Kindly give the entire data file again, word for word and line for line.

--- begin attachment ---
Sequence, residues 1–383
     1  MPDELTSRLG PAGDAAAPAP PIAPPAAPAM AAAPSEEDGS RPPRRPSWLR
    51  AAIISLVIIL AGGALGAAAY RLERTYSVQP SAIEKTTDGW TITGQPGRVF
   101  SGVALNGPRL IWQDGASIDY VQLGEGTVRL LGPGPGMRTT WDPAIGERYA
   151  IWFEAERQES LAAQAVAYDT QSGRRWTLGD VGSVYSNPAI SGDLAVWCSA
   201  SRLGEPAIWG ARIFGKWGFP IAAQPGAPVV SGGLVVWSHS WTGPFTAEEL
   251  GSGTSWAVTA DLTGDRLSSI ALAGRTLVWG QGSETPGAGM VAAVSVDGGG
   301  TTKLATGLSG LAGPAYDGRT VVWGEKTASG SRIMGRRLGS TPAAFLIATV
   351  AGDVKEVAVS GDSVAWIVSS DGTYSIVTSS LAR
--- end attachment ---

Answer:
Sequence, residues 1–383
     1  MPDELTSRLG PAGDAAAPAP PIAPPAAPAM AAAPSEEDGS RPPRRPSWLR
    51  AAIISLVIIL AGGALGAAAY RLERTYSVQP SAIEKTTDGW TITGQPGRVF
   101  SGVALNGPRL IWQDGASIDY VQLGEGTVRL LGPGPGMRTT WDPAIGERYA
   151  IWFEAERQES LAAQAVAYDT QSGRRWTLGD VGSVYSNPAI SGDLAVWCSA
   201  SRLGEPAIWG ARIFGKWGFP IAAQPGAPVV SGGLVVWSHS WTGPFTAEEL
   251  GSGTSWAVTA DLTGDRLSSI ALAGRTLVWG QGSETPGAGM VAAVSVDGGG
   301  TTKLATGLSG LAGPAYDGRT VVWGEKTASG SRIMGRRLGS TPAAFLIATV
   351  AGDVKEVAVS GDSVAWIVSS DGTYSIVTSS LAR